Supplementary data for the paper 'Crowdsourced assessment of 227 text-based eHMIs for a crossing scenario'
Datacite citation style:
Pavlo Bazilinskyy; Dodou, Dimitra; de Winter, Joost (2022): Supplementary data for the paper 'Crowdsourced assessment of 227 text-based eHMIs for a crossing scenario'. Version 1. 4TU.ResearchData. dataset. https://doi.org/10.4121/19102133.v1Other citation styles (APA, Harvard, MLA, Vancouver, Chicago, IEEE) available at Datacite
choose version: version 2 - 2022-05-03 (latest)
version 1 - 2022-02-16
Future automated vehicles may be equipped with external human-machine interfaces (eHMIs) capable of signaling whether pedestrians can cross the road. Industry and academia have proposed a variety of eHMIs featuring a text message. An eHMI message can refer to the action to be performed by the pedestrian (egocentric message) or the automated vehicle (allocentric message). Currently, there is no consensus on the correct phrasing of the text message. We created 227 eHMIs based on text-based eHMIs observed in the literature. A crowdsourcing experiment (N = 1241) was performed with images depicting an automated vehicle equipped with an eHMI on the front bumper. The participants indicated whether they would (not) cross the road, and response times were recorded. Egocentric messages were found to be more compelling for participants to (not) cross than allocentric messages. Furthermore, Spanish-speaking participants found Spanish eHMIs more compelling than English eHMIs. Finally, it was established that some eHMI texts should be avoided, as signified by compellingness, long responses, and high inter-subject variability.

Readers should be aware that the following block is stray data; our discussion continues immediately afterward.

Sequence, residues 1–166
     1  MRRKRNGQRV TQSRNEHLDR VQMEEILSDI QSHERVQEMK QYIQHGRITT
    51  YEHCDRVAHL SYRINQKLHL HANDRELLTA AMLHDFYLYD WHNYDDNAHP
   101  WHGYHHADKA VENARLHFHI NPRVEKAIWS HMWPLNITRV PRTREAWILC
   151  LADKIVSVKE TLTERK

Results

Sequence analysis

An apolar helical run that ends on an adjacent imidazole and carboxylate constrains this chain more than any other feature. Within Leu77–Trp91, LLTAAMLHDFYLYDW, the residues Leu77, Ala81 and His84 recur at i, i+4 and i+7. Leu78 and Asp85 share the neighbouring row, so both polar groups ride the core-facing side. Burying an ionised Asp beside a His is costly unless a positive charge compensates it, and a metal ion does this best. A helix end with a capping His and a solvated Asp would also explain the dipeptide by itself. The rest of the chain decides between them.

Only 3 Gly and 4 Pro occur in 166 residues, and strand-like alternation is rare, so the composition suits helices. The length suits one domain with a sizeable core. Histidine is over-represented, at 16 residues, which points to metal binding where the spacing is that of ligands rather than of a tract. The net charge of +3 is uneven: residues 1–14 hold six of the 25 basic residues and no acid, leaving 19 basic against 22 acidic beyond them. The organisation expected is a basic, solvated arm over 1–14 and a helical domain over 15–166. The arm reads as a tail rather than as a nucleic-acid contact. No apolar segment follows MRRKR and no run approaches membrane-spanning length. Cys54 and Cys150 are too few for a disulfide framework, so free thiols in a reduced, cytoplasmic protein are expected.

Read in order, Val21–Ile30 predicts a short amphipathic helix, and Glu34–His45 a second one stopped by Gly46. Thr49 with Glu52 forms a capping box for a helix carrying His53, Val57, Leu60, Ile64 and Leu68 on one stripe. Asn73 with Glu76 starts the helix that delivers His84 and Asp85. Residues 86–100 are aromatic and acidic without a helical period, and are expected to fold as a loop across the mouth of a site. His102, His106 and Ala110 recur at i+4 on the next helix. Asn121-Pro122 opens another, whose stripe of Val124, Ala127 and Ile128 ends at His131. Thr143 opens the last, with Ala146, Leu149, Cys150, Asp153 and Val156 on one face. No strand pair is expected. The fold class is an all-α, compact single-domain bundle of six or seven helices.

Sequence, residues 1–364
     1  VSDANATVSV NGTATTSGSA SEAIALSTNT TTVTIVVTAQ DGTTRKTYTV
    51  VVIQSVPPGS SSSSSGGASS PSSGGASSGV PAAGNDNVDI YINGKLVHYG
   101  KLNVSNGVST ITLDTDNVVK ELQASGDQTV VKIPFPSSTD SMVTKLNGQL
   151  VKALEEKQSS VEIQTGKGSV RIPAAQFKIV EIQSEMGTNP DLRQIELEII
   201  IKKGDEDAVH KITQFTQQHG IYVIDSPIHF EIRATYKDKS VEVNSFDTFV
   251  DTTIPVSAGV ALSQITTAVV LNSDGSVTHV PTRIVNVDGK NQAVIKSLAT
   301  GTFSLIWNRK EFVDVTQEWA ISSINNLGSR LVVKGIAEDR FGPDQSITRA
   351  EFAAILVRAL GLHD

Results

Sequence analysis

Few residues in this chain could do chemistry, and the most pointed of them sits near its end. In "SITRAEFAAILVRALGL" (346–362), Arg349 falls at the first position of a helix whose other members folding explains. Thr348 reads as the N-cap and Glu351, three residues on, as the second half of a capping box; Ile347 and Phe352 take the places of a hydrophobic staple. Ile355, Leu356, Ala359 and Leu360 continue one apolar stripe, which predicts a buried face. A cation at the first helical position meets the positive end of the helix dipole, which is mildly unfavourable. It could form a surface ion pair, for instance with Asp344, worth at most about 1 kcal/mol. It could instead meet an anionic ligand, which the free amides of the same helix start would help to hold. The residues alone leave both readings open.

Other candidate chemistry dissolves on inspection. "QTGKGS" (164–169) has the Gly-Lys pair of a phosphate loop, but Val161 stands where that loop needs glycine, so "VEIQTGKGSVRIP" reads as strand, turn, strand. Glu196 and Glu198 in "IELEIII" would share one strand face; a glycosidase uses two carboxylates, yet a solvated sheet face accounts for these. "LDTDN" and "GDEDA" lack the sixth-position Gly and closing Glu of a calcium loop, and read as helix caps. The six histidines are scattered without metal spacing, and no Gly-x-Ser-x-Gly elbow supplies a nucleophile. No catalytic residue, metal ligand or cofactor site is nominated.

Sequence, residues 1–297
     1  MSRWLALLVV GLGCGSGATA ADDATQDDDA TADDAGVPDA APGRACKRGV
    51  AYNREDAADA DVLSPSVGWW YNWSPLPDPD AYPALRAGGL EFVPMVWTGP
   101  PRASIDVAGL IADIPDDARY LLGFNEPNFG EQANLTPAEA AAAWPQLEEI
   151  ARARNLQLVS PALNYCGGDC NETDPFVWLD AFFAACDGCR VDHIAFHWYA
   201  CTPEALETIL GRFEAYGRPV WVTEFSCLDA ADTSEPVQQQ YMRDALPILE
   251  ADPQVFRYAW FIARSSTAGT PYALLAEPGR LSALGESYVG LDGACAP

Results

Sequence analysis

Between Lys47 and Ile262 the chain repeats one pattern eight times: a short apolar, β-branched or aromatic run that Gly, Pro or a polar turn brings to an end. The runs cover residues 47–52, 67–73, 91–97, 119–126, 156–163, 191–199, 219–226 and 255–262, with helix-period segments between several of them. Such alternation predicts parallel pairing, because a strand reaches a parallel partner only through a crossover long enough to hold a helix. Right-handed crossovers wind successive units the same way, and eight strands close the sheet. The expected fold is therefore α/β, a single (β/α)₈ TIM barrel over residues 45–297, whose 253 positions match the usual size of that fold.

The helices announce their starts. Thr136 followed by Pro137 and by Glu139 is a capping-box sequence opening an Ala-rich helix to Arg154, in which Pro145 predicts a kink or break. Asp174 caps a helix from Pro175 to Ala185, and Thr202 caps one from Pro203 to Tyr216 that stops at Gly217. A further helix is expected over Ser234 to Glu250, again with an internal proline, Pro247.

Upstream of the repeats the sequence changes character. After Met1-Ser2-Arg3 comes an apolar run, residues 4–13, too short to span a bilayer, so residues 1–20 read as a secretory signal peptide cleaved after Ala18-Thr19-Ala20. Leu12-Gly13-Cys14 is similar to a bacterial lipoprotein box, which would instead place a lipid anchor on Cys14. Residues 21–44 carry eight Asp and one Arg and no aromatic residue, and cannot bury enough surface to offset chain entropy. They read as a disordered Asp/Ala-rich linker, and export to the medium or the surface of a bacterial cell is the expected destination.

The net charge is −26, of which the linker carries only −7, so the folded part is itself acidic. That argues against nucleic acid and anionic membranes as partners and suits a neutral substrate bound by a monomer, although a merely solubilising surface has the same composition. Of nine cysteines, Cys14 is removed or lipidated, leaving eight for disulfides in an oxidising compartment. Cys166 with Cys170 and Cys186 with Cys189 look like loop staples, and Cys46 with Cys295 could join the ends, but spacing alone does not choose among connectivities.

- 2022-02-16 first online, published, posted
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- This research is supported by grant 016.Vidi.178.047, financed by the Netherlands Organisation for Scientific Research (NWO).
organizationsTU Delft, Faculty of Mechanical, Maritime and Materials Engineering